Adapting to climate change: A risk assessment and decision making framework for managing groundwater dependent ecosystems with declining water levels. Development and case studies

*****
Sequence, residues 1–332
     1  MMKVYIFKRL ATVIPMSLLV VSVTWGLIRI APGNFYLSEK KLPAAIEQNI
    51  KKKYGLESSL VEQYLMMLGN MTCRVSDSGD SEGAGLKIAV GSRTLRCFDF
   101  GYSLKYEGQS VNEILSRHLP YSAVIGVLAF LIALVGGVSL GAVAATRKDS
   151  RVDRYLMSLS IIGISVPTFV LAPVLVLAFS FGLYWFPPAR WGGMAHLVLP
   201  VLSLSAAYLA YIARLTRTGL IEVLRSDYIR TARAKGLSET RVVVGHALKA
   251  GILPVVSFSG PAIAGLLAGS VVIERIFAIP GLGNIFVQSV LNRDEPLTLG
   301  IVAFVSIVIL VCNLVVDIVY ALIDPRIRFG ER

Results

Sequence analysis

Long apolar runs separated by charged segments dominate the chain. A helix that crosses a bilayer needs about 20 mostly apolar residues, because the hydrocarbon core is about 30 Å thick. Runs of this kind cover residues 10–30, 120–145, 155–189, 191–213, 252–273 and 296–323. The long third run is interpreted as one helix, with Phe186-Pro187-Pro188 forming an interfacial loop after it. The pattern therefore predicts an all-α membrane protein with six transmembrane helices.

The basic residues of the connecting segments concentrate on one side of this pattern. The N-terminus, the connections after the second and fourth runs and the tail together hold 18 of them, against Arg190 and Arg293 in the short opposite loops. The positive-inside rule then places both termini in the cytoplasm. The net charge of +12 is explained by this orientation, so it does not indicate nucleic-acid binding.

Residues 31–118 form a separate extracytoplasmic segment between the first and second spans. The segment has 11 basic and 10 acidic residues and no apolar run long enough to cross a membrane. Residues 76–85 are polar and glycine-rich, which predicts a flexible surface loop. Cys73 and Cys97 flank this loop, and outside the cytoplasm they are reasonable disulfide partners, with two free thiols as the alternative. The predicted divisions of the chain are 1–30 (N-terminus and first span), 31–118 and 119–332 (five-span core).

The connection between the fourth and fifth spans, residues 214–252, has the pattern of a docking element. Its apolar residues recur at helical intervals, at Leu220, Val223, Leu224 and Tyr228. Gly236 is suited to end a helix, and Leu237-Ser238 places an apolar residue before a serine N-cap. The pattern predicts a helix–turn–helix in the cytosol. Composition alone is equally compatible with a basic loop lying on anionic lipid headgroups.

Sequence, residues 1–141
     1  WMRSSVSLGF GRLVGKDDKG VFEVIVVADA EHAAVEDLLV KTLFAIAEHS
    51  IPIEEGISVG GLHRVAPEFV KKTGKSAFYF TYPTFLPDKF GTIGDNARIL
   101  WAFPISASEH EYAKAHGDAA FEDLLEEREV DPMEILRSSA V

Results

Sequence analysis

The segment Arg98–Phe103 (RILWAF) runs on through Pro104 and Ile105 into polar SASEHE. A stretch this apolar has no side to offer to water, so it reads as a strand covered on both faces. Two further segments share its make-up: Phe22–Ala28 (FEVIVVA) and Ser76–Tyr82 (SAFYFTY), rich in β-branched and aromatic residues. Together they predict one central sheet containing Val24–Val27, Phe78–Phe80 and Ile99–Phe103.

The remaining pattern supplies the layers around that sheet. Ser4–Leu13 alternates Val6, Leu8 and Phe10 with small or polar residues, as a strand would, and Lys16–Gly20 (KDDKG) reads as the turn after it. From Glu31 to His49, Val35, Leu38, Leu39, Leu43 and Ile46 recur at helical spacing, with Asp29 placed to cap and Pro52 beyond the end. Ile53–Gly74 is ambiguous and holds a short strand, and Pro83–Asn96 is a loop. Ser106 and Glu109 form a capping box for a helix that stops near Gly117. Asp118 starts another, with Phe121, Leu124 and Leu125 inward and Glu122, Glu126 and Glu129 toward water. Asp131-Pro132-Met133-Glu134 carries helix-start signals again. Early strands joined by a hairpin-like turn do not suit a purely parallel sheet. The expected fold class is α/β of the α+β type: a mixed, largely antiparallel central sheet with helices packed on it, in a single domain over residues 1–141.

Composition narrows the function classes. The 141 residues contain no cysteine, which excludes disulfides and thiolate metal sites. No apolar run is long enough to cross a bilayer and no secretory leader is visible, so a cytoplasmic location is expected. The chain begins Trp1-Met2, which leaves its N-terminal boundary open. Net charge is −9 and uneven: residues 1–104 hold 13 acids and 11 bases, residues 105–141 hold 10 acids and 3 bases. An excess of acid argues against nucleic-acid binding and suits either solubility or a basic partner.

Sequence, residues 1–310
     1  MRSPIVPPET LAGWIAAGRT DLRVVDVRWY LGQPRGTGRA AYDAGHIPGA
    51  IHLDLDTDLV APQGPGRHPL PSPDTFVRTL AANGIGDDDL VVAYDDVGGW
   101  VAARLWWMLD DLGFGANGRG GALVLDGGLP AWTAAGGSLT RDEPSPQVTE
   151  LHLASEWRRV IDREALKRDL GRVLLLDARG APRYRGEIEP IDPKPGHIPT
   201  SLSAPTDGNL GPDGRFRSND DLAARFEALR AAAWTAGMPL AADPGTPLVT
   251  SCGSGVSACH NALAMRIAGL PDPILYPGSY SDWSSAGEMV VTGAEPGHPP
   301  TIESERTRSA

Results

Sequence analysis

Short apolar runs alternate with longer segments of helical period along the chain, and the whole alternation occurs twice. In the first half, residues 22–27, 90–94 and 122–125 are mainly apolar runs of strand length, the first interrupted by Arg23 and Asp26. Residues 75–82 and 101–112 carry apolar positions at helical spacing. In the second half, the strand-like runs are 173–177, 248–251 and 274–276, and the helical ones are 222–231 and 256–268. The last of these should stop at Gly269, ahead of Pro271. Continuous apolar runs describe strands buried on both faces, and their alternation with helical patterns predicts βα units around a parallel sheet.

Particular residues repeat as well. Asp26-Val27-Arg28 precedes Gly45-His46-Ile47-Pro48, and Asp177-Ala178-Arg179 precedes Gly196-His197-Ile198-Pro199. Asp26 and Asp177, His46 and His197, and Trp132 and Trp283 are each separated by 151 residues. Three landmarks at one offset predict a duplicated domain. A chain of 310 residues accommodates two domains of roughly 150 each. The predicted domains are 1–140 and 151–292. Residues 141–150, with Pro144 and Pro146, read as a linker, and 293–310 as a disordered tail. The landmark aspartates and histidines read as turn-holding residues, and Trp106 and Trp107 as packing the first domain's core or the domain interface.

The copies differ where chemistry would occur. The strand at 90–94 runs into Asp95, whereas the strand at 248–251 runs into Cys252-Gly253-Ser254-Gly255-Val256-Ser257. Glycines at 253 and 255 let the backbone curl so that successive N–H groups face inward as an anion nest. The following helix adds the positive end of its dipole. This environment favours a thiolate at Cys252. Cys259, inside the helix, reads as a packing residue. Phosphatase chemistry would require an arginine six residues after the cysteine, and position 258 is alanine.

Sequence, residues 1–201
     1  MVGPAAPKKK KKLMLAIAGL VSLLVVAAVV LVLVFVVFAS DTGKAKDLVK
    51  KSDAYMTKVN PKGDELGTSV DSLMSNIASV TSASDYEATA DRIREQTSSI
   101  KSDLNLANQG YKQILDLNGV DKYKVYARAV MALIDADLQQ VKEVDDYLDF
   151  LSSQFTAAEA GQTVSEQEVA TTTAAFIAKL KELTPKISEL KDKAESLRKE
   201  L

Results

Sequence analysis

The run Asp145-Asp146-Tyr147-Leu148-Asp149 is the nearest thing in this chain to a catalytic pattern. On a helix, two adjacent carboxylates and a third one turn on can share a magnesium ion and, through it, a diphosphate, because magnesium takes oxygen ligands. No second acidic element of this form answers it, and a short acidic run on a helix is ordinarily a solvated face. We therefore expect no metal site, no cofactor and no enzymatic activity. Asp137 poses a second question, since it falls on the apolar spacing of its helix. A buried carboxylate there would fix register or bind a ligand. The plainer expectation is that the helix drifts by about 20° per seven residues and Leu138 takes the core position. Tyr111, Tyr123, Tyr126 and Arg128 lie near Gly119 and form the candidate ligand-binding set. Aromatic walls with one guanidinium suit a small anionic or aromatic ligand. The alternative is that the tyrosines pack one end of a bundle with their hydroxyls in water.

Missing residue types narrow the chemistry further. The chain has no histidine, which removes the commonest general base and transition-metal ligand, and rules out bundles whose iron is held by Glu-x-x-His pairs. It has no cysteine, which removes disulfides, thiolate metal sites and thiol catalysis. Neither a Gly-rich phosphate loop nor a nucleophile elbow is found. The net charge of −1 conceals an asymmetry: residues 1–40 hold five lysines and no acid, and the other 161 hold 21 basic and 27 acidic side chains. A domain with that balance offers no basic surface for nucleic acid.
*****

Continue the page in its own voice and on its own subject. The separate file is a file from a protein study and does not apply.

This report describes the development and testing of a risk assessment and decision-making framework for use in managing declining water levels in groundwater dependent ecosystems (GDEs). A major strength of the framework is its capacity to relate climate, hydrology, water quality/biotic resources and ecosystem response in a single tool, thus helping to provide a transparent outline of the cause and effects of change to an ecosystem, and highlighting key drivers that should be the focus for management and climate change adaptation. The framework was tested on three different Australian GDEs. On the wetlands of the Gnangara Groundwater System in Perth, this study investigated the risk to entire wetland ecosystems and to different guilds of amphibians, identifying key drivers that could be used as management targets to determine where and when amphibians may be under stress under different climate change scenarios. At the groundwater intrusion zone of the Blackwood River site, spatial mapping of endemic freshwater fish species illustrated very high levels of risk to fish populations by 2030, but also identified key sites that could provide refuges with appropriate management. At the Leeuwin Naturaliste Ridge Cave System where groundwater levels have been declining, cumulative rainfall departure analysis indicated that the potential extinction of Threatened Ecological Communities (EPBC Act 1999) of stygofauna was more likely to be due to anthropogenic rather than climate impacts, highlighting an intervention opportunity. The approach used in this study can be easily transferred to sites within Australia and internationally. Guidelines for using the framework is outlined in detail in a companion document: “Adapting to climate change: a risk assessment and decision making framework for managing groundwater dependent ecosystems with declining water levels: Guidelines for Use” (Chambers et al., 2013).
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